Module 3 (Hamm)

This video by Nicole Gelinas, a senior fellow at the Manhattan Institute does a pretty good job of answering the question of the government bailing out banks. However, it only lays the groundwork for differentiating between how the three theories of justice would answer the question. As the video points out, the government had a history of being around to help when big banks needed it. According to the utilitarian theory of justice, “Utilitarians favor whichever economic system will bring the most good for society as a whole’ (Shaw 88). Obviously an economic system where the government protects the banks seems pretty foolproof. On the other hand, the government didn’t step in when Lehman Brothers needed them the most. The Libertarian approach would suggest that this was appropriate: “we refrain from interfering with others. Beyond this, we are not obliged to do anything positive for anyone else, nor is anyone required to do anything positive for us’ (Shaw 91). Lastly, there is Rawl’s theory of justice. The video points out that President Bush was the one to sign a bill affecting the bailout into law. The president thought it was right for the government to bail out the banks. Even in an opposing political stance, he was able “to be objective and impartial’ which “makes agreement possible’ (Shaw 99). All three theories of justice have differing viewpoints regarding the question of the government bailing out the banks. The fact of the matter is, the government has helped bail out banks, and banks are still in business. Whether it is right for the government to give a huge bailout depends on which of the theories of justice explained above you subscribe to. The good news is that regardless of whether the situation was right or wrong it could have gotten much worse, but didn’t.

3 Comments for “Module 3 (Hamm)”

Daileen Genier


I enjoyed watching the video that you selected. It was very clear and informative. I happen to agree with the video’s message. I believe in a free market with little interference, which coincides with the libertarian point of view that you described in your post. I may be partial due to my libertarian beliefs but I think that bailing out the banks would be wrong even from a utilitarian point of view. Although a bailout may seem like the best option at the time, it is just delaying the inevitable and has a negative impact in the long-run. The video compared the government to an enabling parent. I think this comparison is spot on and that can have devastating effects.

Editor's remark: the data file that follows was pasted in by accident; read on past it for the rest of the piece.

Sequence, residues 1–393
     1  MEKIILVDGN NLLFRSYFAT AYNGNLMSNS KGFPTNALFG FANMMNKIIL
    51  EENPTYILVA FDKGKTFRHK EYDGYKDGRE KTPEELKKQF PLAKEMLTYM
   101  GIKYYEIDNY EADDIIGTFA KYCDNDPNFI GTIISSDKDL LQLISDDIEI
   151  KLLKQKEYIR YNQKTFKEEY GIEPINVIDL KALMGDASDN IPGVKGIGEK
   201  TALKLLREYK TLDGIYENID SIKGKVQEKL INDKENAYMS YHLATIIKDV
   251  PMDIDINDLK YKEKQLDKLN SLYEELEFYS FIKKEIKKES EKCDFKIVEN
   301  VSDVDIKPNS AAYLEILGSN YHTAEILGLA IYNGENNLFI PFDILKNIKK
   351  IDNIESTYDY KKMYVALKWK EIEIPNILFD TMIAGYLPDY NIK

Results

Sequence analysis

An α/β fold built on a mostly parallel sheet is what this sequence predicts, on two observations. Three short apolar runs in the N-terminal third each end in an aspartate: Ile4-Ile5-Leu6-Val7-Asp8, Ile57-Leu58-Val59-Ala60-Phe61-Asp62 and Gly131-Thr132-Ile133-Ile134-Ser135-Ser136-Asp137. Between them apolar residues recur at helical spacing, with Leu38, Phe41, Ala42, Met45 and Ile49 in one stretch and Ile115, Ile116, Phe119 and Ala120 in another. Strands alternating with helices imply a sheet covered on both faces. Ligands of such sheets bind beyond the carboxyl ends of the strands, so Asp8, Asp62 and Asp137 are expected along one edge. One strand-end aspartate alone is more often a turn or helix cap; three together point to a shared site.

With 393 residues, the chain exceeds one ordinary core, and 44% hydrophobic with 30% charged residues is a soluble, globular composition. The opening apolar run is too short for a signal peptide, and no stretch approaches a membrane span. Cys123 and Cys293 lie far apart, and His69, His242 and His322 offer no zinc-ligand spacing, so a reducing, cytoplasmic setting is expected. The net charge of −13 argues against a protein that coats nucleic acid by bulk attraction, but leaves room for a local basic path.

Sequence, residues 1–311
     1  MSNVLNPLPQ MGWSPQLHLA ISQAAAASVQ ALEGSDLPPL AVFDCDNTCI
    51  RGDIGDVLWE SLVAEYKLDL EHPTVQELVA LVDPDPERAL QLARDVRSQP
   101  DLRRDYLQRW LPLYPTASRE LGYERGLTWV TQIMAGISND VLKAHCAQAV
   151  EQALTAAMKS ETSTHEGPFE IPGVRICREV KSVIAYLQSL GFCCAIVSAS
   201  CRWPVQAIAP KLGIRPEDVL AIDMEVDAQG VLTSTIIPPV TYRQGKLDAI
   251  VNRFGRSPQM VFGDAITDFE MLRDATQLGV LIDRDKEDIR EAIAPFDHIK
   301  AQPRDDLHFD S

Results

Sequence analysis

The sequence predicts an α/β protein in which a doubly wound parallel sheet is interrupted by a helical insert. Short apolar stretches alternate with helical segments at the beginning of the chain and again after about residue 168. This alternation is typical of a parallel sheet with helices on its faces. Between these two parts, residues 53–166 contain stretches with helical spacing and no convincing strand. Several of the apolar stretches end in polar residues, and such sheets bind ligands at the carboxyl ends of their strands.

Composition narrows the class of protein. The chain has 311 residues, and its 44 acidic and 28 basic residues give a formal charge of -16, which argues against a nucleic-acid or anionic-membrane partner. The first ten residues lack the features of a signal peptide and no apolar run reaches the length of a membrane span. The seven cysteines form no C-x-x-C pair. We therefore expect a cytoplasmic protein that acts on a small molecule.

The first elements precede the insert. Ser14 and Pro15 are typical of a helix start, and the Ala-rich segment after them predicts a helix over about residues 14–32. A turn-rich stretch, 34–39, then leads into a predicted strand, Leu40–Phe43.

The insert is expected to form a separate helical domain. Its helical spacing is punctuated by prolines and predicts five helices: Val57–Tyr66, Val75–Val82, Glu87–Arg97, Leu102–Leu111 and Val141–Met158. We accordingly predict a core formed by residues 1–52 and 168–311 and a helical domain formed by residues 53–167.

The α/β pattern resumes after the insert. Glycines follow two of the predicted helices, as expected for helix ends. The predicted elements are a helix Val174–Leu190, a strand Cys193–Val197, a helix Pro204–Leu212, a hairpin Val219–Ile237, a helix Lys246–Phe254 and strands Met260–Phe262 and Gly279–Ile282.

Noah Hamm


Thanks for the comment! I like that you point out the inevitability of banks suffering with or without the immediate intervention of the government. That being said, I can also understand the potential value of bailing out banks to prolong their success, as they are a very significant part of the American lifestyle and economy. Either way, what happened in 2008 is in the past and the best we can do now is learn from what happened and try to set ourselves on a better path for the future.



What was your position? Besides writing up the facts of the video (which was good) you could have provided your opinion and position too. I know what the text says and want to see your thoughts on how the theory might apply to the problem. One idea: Rawl’s second principle basically expects that social and economic inequalities must benefit the least-advantaged members of society. This is the difference principle. This may imply that communism – where everyone is equal is automatic and that capitalism is only good if the poorest group (i.e., orphans) are benefited. So bailing out big banks in my opinion results in protecting the more privileged (shareholders, CEOs, employees, etc.) than those least advantaged. I did like the choice of video.

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